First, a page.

The gleam of hope in this darkness is the number of men who came out to protest and who shielded women from baton blows.
When Clay held the world title aloft, Lipsyte saw in the gleam of the belt sports and '60s social upheaval and his own careerism.
Nor will there be a sequel—a courtesy extended every Pixar movie except Toy Story, thus lending each a gleam of singularity.
Polish them until they gleam with malice, wicked glee, and non-registry gifts.
Only the gleam of his curious pink eyes, told that he was alive.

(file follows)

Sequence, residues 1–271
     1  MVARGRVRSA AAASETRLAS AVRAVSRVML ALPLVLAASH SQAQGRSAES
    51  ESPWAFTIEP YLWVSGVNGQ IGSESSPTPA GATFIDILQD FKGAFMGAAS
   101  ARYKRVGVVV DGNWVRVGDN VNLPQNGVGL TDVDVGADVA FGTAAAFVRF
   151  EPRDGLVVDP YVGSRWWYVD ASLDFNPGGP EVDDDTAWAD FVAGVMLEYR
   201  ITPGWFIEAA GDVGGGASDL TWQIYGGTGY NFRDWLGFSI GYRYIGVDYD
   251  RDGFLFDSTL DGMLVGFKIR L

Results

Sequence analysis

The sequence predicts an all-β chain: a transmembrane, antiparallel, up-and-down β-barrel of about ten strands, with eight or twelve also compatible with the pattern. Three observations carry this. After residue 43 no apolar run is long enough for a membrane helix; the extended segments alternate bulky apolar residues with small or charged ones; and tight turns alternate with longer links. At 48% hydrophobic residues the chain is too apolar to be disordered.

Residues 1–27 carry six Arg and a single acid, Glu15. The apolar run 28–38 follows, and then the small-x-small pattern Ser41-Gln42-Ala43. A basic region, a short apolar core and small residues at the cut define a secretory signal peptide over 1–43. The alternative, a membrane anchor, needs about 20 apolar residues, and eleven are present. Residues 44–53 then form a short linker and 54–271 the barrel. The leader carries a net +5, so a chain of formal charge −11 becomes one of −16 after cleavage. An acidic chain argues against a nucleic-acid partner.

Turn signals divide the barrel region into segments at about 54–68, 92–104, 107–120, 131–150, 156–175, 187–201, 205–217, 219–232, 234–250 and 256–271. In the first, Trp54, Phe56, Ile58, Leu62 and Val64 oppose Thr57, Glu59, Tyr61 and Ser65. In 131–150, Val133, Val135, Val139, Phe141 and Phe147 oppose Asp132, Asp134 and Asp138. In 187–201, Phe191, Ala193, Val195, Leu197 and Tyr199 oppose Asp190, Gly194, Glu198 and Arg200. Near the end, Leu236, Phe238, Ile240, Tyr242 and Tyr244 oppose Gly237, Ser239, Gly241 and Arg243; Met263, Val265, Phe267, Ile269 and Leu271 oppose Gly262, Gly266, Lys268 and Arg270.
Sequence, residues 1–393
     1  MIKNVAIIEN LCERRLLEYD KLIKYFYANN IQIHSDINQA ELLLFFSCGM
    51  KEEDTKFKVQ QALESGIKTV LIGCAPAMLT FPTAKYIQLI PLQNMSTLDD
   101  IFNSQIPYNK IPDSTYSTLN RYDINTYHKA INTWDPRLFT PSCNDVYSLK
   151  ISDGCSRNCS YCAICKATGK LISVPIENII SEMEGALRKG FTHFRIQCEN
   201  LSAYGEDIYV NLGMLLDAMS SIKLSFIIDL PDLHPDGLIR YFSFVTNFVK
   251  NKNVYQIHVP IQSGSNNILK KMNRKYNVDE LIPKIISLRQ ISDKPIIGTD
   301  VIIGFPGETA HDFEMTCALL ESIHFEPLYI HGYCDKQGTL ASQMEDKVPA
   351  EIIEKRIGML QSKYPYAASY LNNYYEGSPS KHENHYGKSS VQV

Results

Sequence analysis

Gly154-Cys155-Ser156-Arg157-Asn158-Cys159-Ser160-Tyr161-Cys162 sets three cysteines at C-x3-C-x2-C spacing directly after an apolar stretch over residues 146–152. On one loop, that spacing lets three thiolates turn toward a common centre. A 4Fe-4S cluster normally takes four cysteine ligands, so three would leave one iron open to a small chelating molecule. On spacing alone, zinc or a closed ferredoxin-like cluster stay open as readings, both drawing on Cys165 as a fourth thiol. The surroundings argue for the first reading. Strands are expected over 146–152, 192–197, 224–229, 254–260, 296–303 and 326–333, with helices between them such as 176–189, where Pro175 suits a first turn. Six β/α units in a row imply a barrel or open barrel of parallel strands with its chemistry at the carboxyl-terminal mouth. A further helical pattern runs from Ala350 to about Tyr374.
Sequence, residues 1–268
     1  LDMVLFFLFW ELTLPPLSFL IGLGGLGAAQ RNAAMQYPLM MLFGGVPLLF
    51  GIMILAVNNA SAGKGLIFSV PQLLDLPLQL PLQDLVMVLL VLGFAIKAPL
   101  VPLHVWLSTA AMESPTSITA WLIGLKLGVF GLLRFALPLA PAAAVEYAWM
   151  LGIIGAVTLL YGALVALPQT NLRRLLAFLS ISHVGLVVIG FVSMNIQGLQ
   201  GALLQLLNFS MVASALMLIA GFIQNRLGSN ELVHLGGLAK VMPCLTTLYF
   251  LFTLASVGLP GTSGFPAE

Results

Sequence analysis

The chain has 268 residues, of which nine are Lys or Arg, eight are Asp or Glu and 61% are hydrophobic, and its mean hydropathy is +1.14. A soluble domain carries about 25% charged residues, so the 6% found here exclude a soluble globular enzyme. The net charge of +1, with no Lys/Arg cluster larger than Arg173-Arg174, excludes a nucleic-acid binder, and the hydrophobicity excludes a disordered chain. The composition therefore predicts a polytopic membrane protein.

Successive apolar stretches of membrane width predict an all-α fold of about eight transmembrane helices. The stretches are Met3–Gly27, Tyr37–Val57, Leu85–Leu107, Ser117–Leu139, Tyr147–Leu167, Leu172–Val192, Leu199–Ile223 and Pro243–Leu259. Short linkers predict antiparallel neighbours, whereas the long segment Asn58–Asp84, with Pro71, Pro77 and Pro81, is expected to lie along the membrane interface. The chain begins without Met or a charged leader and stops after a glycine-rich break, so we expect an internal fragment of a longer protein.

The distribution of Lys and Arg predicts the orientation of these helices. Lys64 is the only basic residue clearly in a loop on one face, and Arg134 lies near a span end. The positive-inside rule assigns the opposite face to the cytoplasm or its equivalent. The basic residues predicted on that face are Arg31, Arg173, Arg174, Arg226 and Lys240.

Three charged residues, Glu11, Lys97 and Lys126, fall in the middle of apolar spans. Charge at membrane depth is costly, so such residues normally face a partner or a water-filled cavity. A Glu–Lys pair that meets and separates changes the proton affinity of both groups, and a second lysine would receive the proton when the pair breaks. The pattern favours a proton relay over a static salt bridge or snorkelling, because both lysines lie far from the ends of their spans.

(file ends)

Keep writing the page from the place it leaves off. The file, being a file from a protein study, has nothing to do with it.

And there was a gleam of vengeance in the cadet's eye as he went to the gun again.
Her cousin did not see the gleam of mischief which came into Peggy's eyes as she said this.
There was a gleam in the dark eyes veiled with their long lashes.
It is the harbor after a gale; it is the clear sky after a storm; it is the gleam of dawn after a long night.
Now is that what the gleam and expectation of a future life does for you?
Old English glæm "brilliant light; brightness, splendor, radiance," from Proto-Germanic *glaimiz (cf. Old Saxon glimo "brightness;" Middle High German glim "spark," gleime "glowworm;" German glimmen "to glimmer, glow;" Old Norse glija "to shine, glitter"), from root *glim-, from PIE *ghel- "to shine, glitter, glow" (see glass).
early 13c., from gleam (n). Related: Gleamed; gleaming.